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Survival by Creativity, Part II: Stay Inspired

Posted on October 05 2020

This godforsaken pandemic tempts my brain into neutral – away from creativity and into some sort of uninspired autopilot - almost daily. Like most human people navigating this strange time, I have felt the mental strain of that frequently in 2020.

 

An idle brain is tough on an artist, and I hope you’ll remember as I continue using that word that we are all artists.

 

I get sensitive about the most trivial things when this happens…

 

Why didn’t she text me back?
No one commented on my social media post!
Are they mad at me?
Am I terrible at what I do?
Can people see these love handles growing under my shirt?

Remember my previous post about MLK? Imagine this legendplagued by such lunacy!

 

Even if he was at times, he knew the importance of his art and how to stay the course with it.

 

A brain deprived of its art will do this instead of change the world. It will decimate our creativity with life-sucking thoughts. We will continue to seek the validation of the internet, we just won’t be doing the work to earn it, and the cognitive dissonance in this can readily spiral into mental health challenges if left unchecked.

 

Because these are common feelings, I thought I would offer my four-step roadmap for escaping them and centering back on your art. These are my tried-and-true steps to coming alive as an artist:

Step 1) Read and Ponder.

What are you feeling curious, uneasy or sad about right now?

What books have your friends been raving about?

 

Decide to dive into something. If you are busy like me, buy a related book on audible or choose a podcast to listen to while you drive, clean toilets, fold laundry, marinatechicken You get it. Let the ideas presented from this reading/listening feed you new questions and paths to go down after you finish this book. Chain smoke the books, if you will. (You now, fire up a new one off the one you are currently reading. Keep it going.)

You simply can’t pour creativity out of an empty cup. Whatever you are full of at any given moment is the thing that will spill out the next time to attempt to do your work. Rather than lending your internal real estate to anxiety, resentment and worry - fill it with something that generates creative energy and invention.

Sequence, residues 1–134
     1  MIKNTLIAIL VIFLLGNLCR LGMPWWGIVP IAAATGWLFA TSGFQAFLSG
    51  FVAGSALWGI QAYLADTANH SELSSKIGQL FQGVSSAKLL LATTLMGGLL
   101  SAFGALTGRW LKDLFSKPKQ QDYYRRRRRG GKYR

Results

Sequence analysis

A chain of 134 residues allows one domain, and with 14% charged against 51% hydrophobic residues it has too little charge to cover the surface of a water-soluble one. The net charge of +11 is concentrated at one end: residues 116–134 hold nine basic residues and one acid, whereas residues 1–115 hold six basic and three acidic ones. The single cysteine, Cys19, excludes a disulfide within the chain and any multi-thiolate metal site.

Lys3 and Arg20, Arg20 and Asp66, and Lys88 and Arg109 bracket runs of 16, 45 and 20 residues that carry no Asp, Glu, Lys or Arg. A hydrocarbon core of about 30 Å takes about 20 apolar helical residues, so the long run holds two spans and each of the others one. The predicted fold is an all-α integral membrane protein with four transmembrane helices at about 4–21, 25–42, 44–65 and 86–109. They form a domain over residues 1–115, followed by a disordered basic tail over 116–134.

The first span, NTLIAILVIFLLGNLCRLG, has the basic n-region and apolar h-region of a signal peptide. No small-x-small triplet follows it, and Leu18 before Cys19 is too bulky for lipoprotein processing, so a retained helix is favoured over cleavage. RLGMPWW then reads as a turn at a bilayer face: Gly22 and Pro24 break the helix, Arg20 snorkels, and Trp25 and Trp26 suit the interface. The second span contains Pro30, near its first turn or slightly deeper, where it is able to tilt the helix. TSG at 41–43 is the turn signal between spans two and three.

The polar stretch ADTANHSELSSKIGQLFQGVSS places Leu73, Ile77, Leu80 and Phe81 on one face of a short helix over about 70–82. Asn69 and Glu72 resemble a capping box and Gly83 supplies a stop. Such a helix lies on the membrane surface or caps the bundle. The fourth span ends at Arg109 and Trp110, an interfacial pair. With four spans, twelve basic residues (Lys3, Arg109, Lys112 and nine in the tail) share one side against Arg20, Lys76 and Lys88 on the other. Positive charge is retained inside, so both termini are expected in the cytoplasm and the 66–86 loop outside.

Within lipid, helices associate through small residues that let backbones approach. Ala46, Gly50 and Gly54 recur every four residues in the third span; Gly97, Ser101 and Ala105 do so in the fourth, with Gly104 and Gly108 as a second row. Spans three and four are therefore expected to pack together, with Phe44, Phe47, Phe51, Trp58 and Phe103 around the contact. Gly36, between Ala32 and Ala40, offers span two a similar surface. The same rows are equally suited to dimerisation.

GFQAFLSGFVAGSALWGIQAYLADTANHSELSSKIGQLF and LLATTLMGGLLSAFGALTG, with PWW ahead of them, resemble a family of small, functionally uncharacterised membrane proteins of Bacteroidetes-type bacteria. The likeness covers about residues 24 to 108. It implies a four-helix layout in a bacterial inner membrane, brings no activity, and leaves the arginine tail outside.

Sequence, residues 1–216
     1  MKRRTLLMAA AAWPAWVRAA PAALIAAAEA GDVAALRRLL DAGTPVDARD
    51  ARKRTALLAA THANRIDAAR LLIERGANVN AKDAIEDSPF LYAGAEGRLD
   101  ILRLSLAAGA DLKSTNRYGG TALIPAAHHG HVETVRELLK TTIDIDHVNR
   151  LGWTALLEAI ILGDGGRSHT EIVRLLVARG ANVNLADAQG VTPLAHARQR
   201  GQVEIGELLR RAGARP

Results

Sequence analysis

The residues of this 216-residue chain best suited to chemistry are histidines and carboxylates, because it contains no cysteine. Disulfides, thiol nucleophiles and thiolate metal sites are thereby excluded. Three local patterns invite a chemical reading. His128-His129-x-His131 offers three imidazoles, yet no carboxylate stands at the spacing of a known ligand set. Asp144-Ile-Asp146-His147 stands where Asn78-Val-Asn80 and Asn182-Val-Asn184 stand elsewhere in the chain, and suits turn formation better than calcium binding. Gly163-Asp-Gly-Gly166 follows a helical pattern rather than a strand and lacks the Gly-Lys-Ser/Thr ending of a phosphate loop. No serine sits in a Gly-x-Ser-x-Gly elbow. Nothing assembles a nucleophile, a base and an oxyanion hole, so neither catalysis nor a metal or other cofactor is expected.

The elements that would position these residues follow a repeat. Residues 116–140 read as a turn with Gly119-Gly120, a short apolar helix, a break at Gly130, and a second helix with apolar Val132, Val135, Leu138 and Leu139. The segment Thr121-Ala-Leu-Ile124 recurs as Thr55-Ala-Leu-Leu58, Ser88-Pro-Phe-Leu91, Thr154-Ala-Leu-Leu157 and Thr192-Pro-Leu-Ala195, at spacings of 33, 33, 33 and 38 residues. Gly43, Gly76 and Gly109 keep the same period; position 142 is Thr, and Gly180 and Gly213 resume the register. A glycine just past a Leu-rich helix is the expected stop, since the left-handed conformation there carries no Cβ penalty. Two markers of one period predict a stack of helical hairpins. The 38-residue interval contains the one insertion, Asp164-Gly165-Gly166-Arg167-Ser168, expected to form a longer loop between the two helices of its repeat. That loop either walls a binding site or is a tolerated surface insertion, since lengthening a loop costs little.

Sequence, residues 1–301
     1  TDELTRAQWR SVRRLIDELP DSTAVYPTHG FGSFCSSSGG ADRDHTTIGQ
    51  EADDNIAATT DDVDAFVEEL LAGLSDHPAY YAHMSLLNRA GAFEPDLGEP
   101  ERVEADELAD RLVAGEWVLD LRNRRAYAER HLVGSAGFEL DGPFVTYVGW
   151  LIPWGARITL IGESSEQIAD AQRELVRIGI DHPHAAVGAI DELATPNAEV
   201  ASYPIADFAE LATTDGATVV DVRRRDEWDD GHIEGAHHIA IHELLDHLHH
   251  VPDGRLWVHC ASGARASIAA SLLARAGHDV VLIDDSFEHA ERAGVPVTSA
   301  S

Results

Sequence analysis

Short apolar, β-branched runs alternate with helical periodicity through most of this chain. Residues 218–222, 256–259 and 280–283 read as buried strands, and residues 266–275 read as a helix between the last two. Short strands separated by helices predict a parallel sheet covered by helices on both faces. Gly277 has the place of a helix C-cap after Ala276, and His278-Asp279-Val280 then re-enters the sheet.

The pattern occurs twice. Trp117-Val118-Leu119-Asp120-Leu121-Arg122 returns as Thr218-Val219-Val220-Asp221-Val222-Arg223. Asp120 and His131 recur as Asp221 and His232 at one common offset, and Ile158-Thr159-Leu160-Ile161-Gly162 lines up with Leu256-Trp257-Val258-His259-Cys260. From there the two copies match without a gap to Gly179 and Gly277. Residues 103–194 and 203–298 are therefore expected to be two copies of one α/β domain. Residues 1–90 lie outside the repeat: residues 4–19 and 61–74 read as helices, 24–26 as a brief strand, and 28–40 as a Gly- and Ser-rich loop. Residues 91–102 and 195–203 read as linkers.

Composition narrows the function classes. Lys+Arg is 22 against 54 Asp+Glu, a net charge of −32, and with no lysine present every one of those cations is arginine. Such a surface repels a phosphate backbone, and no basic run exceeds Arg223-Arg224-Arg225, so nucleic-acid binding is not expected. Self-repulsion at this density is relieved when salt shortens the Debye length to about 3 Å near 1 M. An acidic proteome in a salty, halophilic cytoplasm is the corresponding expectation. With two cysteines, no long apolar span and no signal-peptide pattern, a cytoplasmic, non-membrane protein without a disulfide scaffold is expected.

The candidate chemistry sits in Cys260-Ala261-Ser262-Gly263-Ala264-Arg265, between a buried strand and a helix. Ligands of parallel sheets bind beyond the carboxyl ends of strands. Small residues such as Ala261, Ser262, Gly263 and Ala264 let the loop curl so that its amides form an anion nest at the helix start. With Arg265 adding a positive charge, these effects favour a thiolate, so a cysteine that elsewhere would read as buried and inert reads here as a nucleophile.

My work, and my company, is always better when I read. Always.



Step 2) Sit with Your Ideas, Take Notes.

The greatest artists make a habit out of finding new things within old things. They are constantly thinking andlearning. Try these prompts for touching base with yourselfin a journal a few times a week. See how they boost the quality of your work.

Write down:

Five things you are grateful for right now;
one or two things that haven’t been going well + some thoughts about why;
some things you would like to accomplish today, this week, this month, this year; and
any quotes collected from your reading or social feeds that you want to remember.

 

One of my favorite things is to look back through my journal and pat myself on the back for how far I’ve come.Talk about perspective.

This practice also lets your thoughts land somewhere so you can settle your brain throughout the busy week without losing them. If things hit you out in the world or at work, jot them on a sticky note or in your phone and plan torevisit the next time you sit down with your pen.

Journaling is a great way to keep you accountable for a more intentional life.



Step 3) Set a Fitness Goal.

I have looked the world over for a movement regimen I can just stick to every single week, on the same days, forever and ever, and never have to think critically about staying in shape again.

The unfortunate truth is, while there are people out there who thrive on this sort of routine and repetition, none of them are me.